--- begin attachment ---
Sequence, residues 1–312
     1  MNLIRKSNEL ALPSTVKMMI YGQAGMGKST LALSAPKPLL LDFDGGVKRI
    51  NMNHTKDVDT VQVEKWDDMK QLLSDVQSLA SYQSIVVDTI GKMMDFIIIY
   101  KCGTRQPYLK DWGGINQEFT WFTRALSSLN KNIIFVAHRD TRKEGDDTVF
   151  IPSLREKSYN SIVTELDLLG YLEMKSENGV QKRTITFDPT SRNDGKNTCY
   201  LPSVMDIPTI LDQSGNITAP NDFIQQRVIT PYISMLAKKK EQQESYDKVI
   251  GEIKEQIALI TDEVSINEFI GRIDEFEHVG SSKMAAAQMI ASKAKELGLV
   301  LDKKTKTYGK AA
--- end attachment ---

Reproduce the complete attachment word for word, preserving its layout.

Sequence, residues 1–312
     1  MNLIRKSNEL ALPSTVKMMI YGQAGMGKST LALSAPKPLL LDFDGGVKRI
    51  NMNHTKDVDT VQVEKWDDMK QLLSDVQSLA SYQSIVVDTI GKMMDFIIIY
   101  KCGTRQPYLK DWGGINQEFT WFTRALSSLN KNIIFVAHRD TRKEGDDTVF
   151  IPSLREKSYN SIVTELDLLG YLEMKSENGV QKRTITFDPT SRNDGKNTCY
   201  LPSVMDIPTI LDQSGNITAP NDFIQQRVIT PYISMLAKKK EQQESYDKVI
   251  GEIKEQIALI TDEVSINEFI GRIDEFEHVG SSKMAAAQMI ASKAKELGLV
   301  LDKKTKTYGK AA